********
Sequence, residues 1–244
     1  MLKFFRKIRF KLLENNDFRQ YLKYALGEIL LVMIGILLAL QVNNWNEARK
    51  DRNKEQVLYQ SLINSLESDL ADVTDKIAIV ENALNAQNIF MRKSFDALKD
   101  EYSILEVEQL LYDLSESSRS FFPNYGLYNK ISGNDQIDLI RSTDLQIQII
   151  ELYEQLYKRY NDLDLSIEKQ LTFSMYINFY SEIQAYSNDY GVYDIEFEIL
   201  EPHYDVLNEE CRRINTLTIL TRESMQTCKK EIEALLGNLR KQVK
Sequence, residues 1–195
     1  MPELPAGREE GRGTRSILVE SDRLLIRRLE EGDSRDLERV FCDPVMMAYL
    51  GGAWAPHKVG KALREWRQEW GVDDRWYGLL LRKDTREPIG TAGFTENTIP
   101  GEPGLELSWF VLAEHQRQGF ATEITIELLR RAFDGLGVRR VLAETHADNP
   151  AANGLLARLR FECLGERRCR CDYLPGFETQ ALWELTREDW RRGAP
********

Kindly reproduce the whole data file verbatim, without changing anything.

Sequence, residues 1–244
     1  MLKFFRKIRF KLLENNDFRQ YLKYALGEIL LVMIGILLAL QVNNWNEARK
    51  DRNKEQVLYQ SLINSLESDL ADVTDKIAIV ENALNAQNIF MRKSFDALKD
   101  EYSILEVEQL LYDLSESSRS FFPNYGLYNK ISGNDQIDLI RSTDLQIQII
   151  ELYEQLYKRY NDLDLSIEKQ LTFSMYINFY SEIQAYSNDY GVYDIEFEIL
   201  EPHYDVLNEE CRRINTLTIL TRESMQTCKK EIEALLGNLR KQVK
Sequence, residues 1–195
     1  MPELPAGREE GRGTRSILVE SDRLLIRRLE EGDSRDLERV FCDPVMMAYL
    51  GGAWAPHKVG KALREWRQEW GVDDRWYGLL LRKDTREPIG TAGFTENTIP
   101  GEPGLELSWF VLAEHQRQGF ATEITIELLR RAFDGLGVRR VLAETHADNP
   151  AANGLLARLR FECLGERRCR CDYLPGFETQ ALWELTREDW RRGAP